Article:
SpaceX’s Spaceflight Dabbed “Endeavour”

Following the recent launch of SpaceX’s crewed spaceflight, enthusiasts investigated the source of the name given to SpaceX’s Demo-2. 

NASA’s first astronauts to launch  from American soil ever since the termination of the space shuttle project named their spacecraft in commemoration of one of their decommissioned winged orbiters.

During a recent live broadcast from Earth’s orbit, Bob Behnken and Doug Hurley unveiled the name of SpaceX Crew Dragon. The live stream occurred about 3 hours after the team successfully launched from the NASA’s Kennedy Space Center that is in Florida on May 30.

The transmission addressed the team at SpaceX’s mission control, which also serves as the company’s spacecraft as well as rocket assembly facility that is in Hawthorne, California. 

The statement Hurley gave was that “I know most of you, at SpaceX especially, know it as ‘Capsule 206,’ but I think all of us thought that maybe we could do a little bit better than that. So without further ado, we would like to welcome you aboard capsule ‘Endeavour.'”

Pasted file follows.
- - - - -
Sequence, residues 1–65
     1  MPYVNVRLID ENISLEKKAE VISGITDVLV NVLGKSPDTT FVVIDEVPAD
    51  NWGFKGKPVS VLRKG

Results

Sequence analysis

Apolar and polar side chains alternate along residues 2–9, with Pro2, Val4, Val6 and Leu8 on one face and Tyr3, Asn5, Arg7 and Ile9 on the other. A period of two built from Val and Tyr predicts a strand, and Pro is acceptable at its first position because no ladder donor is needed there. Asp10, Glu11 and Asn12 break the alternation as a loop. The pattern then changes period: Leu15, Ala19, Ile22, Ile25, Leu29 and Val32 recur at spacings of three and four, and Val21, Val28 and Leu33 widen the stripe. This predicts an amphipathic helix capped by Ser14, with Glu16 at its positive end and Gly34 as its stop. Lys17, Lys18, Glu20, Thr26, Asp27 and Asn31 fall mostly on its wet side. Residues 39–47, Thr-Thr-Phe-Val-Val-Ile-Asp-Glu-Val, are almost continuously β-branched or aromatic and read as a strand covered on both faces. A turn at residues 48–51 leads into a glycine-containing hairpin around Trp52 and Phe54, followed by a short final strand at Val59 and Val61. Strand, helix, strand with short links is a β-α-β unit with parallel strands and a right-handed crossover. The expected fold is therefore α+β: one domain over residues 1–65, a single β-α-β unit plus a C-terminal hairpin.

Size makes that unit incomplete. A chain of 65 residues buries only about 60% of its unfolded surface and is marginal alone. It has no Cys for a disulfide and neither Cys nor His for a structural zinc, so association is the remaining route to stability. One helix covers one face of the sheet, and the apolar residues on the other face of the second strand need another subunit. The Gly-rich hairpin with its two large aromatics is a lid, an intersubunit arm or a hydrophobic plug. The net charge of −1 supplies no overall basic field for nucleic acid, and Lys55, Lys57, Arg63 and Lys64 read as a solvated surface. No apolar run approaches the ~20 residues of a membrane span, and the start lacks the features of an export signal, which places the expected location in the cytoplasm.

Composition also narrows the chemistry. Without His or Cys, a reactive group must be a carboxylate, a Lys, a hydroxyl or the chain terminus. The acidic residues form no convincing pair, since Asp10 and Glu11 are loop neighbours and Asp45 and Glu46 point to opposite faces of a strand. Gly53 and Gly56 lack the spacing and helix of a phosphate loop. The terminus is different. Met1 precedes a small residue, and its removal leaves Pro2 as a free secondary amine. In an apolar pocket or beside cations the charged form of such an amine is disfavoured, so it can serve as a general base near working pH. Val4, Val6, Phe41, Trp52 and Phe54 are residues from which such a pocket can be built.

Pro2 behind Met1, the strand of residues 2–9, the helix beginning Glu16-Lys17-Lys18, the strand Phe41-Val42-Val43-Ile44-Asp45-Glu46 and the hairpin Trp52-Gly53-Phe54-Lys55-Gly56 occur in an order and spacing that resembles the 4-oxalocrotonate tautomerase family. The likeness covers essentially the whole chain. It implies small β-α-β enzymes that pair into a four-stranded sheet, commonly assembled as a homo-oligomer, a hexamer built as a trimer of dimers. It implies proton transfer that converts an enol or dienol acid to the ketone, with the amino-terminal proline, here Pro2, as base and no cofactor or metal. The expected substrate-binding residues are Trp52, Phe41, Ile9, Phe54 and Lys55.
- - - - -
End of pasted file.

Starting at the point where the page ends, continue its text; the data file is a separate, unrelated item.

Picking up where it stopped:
Hurley further explains the reasons for the name, stating that it came as a reminder to “this incredible endeavor” from both  NASA and SpaceX. He further ascertains that the United States is a significant player to the program’s success since the end of the previous space shuttle program in 2011.

Another reason Hurley gave is that the name is more of a personal touch both for him as well as Bob. The Crew Dragon Endeavour is less similar to the space shuttle, and Hurley reports that SpaceX designed it to be a 21st-century spacecraft.

Behnken confirms that the crew’s excitement stems from holding the mission in a brand-new spaceship. The space voyager has a lot different compared to its namesake — the Endeavour space shuttle. According to reports on the interior, this space shuttle is more modern in that it does have touch display screens, which provides the crew ease of operations. The capsules naming is a continuation of the norm that started in the early U.S. space program. 

The Crew Dragon Endeavour is one of the few U.S. crewed spacecraft named after Apollo 15 command module Endeavour. This mission sought to orbit the moon during fourth moon landing mission in the year 1971. 

In December 2019, NASA granted astronaut Suni Williams the privilege of picking first name given to CST-100 Starliner, the Boeing’s commercial spacecraft which does plan to fly the crews to space station.

In conclusion, it seems that the tradition of letting crew members give names to their spacecrafts is bound to continue in upcoming spaceflight launches.